Douglas Ross has apologised to supporters after he plunged his party’s general election campaign into chaos.

Speaking to journalists on Tuesday morning, the Scottish Conservative leader denied he was a "lame duck" despite his promise to resign.

He also said he had been in touch with David Duguid, the incumbent candidate ousted for being sick.

READ MORE: Douglas Ross denies Tory MSPs asked him to resign as party leader

Mr Ross stunned colleagues yesterday when he unexpectedly announced his intention to stand down as leader after the July 4 vote.

It is believed to be the first time that a UK political leader has quit during a general election campaign.

Mr Ross's resignation came on the eve of the publication of the Tory manifesto. Overnight it emerged that he had not told Rishi Sunak in advance of his decision to stand down. 

He upset some of his MSPs last week after he announced his intention to run for Westminster, despite previously promising to commit his energies to being leader of the Tory group at the Scottish Parliament. 

Mr Ross said he would stand in the new Aberdeenshire North & Moray East constituency, replacing, Mr Duguid, who, at the last minute, was declared too ill to campaign by the Party’s Management Board.

There was unease among Tory MSPs and activists over the decision, particularly as Mr Duguid insisted he was well enough to stand.

One person in the party was so unhappy they leaked information about Mr Ross’s expenses to the Sunday Mail, including suggestions that he broke parliamentary rules by claiming for travel to football matches where he was working as a referee.

Mr Ross has denied that.

(Image: PA)

The Scottish Tory leader has planned on speaking to journalists inside the King's Theatre in Edinburgh, which is currently being refurbished thanks, in part, to £2m worth of levelling-up funding from the UK Government.

However, there were too many journalists and the press conference took place on the streets outside for health and safety reasons.

At one point a broadcast interview was interrupted when a bin lorry stopped nearby to empty some blue bins.

Asked if he thought she should apologise to Scottish Tory voters for the farce of the last few days, He said: “Yeah, I'm sorry.”

He added: “This has not been good enough. That's not how I planned the campaign. I didn't expect to be announcing that I will be standing down during the middle of the campaign but I had to take a decision reflecting on what colleagues and others have said.

“I think it is the right decision for the party that after the election on July 4 we will start the process to elect a new leader and that new leader will have plenty of time to build up and continue the strong work that we've seen as a party across the country to take us into the 2026 Scottish parliamentary elections.”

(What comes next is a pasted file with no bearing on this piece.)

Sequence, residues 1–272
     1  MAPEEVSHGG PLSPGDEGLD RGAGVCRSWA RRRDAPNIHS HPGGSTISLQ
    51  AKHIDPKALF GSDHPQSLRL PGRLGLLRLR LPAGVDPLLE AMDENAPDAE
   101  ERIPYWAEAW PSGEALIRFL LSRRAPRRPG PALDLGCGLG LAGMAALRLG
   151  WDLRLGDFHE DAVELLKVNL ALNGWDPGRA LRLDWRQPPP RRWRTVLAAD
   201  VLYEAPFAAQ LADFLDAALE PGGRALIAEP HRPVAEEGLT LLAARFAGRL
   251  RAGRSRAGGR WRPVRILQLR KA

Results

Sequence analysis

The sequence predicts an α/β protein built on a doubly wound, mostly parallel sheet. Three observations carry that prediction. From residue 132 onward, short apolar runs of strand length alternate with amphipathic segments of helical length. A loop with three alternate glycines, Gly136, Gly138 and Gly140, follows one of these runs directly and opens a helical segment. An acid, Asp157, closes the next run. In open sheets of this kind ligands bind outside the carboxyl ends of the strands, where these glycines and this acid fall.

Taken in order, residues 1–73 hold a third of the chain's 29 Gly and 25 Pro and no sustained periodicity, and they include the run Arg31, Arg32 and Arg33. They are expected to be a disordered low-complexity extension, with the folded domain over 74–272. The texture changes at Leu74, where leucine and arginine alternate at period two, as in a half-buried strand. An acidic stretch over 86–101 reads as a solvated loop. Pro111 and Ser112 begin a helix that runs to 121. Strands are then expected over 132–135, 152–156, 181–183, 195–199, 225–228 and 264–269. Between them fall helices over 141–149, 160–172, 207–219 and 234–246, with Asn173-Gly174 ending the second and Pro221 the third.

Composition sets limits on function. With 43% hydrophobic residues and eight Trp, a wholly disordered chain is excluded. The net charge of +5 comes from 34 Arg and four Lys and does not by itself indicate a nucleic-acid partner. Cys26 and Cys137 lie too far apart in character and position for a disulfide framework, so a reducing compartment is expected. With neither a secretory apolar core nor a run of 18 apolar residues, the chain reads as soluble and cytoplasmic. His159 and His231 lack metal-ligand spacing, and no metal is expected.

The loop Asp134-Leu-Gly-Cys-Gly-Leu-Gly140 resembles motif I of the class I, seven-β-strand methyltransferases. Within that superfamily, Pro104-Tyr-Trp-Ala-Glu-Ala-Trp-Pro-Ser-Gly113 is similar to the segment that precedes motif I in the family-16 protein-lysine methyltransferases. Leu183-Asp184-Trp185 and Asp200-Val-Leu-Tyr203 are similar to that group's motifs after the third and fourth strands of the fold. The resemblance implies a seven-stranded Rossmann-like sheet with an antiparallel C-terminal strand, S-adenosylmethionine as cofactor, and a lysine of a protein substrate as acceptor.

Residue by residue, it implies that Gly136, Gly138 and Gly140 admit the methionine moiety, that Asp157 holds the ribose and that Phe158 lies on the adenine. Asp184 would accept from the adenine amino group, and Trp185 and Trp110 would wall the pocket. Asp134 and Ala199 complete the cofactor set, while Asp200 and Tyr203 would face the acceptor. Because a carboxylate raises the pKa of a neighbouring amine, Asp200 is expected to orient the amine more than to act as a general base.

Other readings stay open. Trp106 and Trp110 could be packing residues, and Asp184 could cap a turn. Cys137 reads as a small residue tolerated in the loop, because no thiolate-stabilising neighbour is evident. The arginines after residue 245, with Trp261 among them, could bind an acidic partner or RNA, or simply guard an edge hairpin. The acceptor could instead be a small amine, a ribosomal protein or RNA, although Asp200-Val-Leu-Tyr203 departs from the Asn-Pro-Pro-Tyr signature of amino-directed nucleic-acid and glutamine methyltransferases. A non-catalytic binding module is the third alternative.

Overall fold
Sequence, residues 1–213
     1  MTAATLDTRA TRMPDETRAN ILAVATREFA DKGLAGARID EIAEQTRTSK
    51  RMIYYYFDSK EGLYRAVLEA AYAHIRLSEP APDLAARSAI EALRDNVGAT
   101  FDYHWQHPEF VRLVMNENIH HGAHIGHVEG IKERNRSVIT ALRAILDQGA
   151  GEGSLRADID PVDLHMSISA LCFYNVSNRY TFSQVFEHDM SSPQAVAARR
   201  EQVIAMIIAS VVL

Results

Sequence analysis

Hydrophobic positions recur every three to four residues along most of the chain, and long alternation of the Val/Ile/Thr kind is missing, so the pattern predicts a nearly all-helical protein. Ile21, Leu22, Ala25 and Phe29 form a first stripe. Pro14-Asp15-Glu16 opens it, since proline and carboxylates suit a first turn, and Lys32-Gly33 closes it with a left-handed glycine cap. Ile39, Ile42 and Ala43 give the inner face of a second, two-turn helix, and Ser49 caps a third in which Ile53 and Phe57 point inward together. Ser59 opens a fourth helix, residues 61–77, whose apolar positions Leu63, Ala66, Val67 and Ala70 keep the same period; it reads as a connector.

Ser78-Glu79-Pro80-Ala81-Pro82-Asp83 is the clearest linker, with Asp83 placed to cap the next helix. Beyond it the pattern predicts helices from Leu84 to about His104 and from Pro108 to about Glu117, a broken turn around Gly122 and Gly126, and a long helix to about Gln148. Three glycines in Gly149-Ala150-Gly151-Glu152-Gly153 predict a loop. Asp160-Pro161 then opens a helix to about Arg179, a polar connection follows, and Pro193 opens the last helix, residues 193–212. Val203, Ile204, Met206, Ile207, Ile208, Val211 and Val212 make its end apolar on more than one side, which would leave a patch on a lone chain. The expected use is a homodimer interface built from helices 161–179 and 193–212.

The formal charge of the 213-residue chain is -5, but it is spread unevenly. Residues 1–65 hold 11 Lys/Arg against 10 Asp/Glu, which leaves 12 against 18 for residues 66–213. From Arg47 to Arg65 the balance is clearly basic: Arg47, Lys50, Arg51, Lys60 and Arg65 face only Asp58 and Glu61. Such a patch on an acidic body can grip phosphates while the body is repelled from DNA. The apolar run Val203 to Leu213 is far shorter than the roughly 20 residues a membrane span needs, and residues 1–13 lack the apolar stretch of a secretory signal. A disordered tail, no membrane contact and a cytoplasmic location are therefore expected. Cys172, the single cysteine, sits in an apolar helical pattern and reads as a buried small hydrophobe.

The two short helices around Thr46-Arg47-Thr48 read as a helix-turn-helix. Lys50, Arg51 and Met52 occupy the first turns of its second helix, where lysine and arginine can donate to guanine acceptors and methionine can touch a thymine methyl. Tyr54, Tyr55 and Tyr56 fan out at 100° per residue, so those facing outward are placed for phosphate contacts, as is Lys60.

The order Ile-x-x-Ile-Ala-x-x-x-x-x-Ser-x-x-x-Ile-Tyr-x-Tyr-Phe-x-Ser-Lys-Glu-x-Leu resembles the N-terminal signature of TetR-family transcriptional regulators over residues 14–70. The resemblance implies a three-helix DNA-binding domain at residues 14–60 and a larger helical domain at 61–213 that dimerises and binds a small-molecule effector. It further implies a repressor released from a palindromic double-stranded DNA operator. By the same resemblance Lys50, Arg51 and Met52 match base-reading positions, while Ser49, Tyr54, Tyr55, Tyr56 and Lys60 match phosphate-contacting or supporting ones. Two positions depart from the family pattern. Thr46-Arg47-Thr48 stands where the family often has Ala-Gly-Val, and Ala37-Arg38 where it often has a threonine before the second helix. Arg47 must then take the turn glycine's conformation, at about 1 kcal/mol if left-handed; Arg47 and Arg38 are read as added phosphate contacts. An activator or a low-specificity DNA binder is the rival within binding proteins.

He admitted it had been a “very challenging few days.”

“I'm not trying to ignore that or run away from that,” he added.

Mr Ross said none of his MSPs had approached him but he was aware of what they had said through anonymous briefings to the press.

He said he understood that his decision to stand for Westminster “wasn't universally popular with colleagues”

In the statement announcing his intention to resign, he said he would quit Holyrood if he was returned to the Commons, but would remain as an MSP if he failed in his general election bid.

He will remain as leader until a successor is elected. 

Mr Ross said he would not be endorsing anyone in any contest.

"I think it's right that we have a contest where individual candidates assess what they can bring to the job and the platform they would put to members and to the country."

Asked if he had been in touch with Mr Duguid, he said: "I've messaged David Duguid and I was very grateful to get a message back."

He added: "I offered to speak to him and he said at the moment he would prefer to text as we did and hopefully we'll have an opportunity to speak later."

Asked by the Herald if thought Mr Sunak could win the election, Mr Ross did not say yes.

“I am going up and down the country, seeking the votes for the Scottish Conservatives, visiting key seats up and down the country.

"Because in key seats up and down the country voters can unite behind the Scottish Conservatives to deliver a local champion focused on the issues that really matter to them, rather than a nationalist MP who will be obsessed with independence."

READ MORE: Conservatives launch manifesto ahead of General Election

As Mr Ross was campaigning, the SNP's depute leader wrote to the Independent Parliamentary Standards Authority (IPSA), the body charged with overseeing MPs' expenses, asking them to investigate Mr Ross's claims.

SNP deputy leader Keith Brown said: “If these allegations were fully substantiated, it would mean that Mr Ross has been abusing his public-funded Westminster expenses to unfairly fund his receipt of another, separate salary.

“It would amount to another Westminster expenses scandal carried out by the current leader of the Scottish Tory Party.

“Given the seriousness of this matter, it is in the public interest for these allegations to be investigated immediately.”

IPSA has confirmed it will look into the allegations.

The body said it was not yet at the stage of a formal investigation and that it "will work with the former MP to clarify the situation."

Asked during his media interviews if he was an expenses cheat, Mr Ross said: “No, I am not.”